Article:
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Meningitis - pneumococcal

 

Definition

Pneumococcal meningitis is a bacterial inflammation or infection of the membranes covering the brain and spinal cord.

See also:

Alternative Names

Pneumococcal meningitis

Causes

Pneumococcal meningitis is caused by the bacteria Streptococcus pneumoniae (also called pneumococcus). The bacteria is the most common cause of meningitis in adults, and the second most common cause of meningitis in children older than age 6.

Risk factors include:

  • Alcohol use
  • Diabetes
  • History of meningitis
  • Infection of a heart valve
  • Injury or trauma to the head
  • Meningitis in which there is leakage of spinal fluid
  • Recent ear infection
  • Recent pneumonia
  • Recent upper respiratory infection
  • Spleen removal
Symptoms

Symptoms usually come on quickly, and may include:

Signs and tests

Physical examination will show:

  • Fast heart rate
  • High temperature
  • Mental status changes
  • Stiff neck

For any patient with meningitis, it is important to perform a lumbar puncture ("spinal tap"), in which spinal fluid (known as cerebrospinal fluid, or CSF) is collected for testing.

Tests that may be done include:

Support Groups

Expectations (prognosis)

Early treatment improves the outcome. However, 20% of people who get this disease will die of it and 50% will have serious long-term complications.

Calling your health care provider

Call the local emergency number (such as 911) or go to an emergency room if you suspect meningitis in a young child who has the following symptoms:

  • Feeding difficulties
  • High-pitched cry
  • Irritability
  • Persistent unexplained fever

Call the local emergency number if you develop any of the serious symptoms listed above. Meningitis can quickly become a life-threatening illness.

Complications

About half of all patients have long-term complications, such as the following:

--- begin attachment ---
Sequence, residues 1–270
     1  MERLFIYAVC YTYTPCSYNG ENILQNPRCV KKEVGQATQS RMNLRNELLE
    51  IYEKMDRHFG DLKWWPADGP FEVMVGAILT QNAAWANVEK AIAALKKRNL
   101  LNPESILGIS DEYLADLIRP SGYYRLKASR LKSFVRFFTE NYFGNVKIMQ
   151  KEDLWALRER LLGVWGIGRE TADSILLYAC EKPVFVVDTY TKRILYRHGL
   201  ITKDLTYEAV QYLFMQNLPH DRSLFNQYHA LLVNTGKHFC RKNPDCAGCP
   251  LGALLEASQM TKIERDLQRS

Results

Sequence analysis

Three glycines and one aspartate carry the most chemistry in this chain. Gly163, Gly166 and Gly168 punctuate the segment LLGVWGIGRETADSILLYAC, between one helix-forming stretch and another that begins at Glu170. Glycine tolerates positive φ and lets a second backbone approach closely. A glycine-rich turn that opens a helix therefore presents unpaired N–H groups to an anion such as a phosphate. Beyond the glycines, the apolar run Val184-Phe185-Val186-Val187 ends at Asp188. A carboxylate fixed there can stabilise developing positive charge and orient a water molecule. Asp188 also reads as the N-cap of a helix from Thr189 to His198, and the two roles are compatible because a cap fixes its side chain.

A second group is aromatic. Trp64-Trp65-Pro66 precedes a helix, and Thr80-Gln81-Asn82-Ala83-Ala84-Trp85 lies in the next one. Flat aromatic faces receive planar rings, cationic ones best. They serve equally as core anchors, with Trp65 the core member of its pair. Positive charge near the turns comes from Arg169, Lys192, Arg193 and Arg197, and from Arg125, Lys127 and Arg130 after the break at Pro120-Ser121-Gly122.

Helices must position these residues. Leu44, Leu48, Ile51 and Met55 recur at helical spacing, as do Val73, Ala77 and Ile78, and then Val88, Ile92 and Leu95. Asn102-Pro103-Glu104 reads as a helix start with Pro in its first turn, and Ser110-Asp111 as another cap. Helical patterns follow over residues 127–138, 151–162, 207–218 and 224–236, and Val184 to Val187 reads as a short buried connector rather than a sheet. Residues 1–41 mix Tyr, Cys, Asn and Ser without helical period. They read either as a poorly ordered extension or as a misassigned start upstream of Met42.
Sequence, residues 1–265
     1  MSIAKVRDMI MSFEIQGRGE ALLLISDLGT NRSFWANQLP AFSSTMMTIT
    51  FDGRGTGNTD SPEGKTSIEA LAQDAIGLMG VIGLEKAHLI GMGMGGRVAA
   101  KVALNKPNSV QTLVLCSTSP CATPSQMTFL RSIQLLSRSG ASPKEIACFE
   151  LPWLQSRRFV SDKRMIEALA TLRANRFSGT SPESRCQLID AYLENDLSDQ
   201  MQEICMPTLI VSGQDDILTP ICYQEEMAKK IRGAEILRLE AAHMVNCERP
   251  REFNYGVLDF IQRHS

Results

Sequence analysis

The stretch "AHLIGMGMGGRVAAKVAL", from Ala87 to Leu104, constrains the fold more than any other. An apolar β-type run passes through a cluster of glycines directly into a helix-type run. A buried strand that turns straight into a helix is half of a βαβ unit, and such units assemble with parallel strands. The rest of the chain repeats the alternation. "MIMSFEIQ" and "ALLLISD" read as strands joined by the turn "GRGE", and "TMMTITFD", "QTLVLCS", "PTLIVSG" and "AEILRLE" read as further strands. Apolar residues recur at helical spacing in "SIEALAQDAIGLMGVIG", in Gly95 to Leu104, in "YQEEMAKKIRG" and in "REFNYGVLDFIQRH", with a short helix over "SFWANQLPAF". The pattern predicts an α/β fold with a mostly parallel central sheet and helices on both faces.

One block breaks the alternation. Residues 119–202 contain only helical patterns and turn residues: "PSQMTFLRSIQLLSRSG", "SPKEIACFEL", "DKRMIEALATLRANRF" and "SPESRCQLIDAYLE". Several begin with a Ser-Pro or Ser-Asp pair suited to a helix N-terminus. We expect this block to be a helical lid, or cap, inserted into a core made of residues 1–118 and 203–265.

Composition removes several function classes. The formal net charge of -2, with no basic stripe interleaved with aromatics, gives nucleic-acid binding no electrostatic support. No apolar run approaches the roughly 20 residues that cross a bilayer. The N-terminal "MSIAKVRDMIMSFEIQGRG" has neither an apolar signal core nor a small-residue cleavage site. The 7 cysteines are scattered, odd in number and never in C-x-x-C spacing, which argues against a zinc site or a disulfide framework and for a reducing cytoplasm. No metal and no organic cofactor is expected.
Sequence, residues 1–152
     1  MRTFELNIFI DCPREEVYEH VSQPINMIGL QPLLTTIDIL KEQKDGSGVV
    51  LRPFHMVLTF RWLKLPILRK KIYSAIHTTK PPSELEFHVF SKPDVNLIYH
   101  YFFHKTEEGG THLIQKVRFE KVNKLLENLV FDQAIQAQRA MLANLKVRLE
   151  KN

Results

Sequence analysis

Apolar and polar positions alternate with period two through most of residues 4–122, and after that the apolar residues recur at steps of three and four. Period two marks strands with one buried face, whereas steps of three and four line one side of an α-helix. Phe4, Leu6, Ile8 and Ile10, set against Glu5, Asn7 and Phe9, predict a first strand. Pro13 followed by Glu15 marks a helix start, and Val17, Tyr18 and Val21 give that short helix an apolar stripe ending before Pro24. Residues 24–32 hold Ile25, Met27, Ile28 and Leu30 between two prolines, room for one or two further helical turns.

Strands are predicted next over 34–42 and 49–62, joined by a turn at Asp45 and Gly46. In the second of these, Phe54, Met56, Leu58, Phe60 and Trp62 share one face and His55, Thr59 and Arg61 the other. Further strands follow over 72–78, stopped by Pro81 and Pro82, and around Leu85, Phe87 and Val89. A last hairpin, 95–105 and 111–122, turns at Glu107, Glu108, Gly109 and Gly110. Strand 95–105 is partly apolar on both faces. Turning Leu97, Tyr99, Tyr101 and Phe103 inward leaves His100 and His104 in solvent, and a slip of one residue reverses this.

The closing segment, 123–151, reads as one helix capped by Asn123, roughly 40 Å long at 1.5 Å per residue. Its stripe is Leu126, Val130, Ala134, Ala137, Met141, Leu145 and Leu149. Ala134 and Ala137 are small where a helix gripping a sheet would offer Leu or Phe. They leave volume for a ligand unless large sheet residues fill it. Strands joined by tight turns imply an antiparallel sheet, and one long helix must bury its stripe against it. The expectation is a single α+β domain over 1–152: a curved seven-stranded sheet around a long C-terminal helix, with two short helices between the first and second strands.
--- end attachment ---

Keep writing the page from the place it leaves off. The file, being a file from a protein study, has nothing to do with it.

Treatments

Antibiotic therapy should be started as soon as possible. Ceftriaxone is one of the most commonly used antibiotics.

If the antibiotic is not working, and the health care provider suspects antibiotic resistance, vancomycin or rifampin are used. Sometimes systemic corticosteroids may be used, especially in children.

Prevention

Early treatment of pneumonia and ear infections caused by pneumococcus may decrease the risk of meningitis. There are also two effective vaccines available to prevent pneumococcus infection.

The following people should be vaccinated, according to current recommendations:

  • Children
  • Everyone over age 55
  • People at high risk for pneumonia
References

Swartz MN. Meningitis: bacterial, viral, and other. In: Goldman L, Ausiello D, eds. Cecil Medicine. 23rd ed. Philadelphia, Pa: Saunders Elsevier; 2007:chap 437.


Review Date: 9/28/2008
Reviewed By: David C. Dugdale, III, MD, Professor of Medicine, Division of General Medicine, Department of Medicine, University of Washington School of Medicine; and Jatin M. Vyas, PhD, MD, Instructor in Medicine, Harvard Medical School, Assistant in Medicine, Division of Infectious Disease. Also reviewed by David Zieve, MD, MHA, Medical Director, A.D.A.M., Inc.
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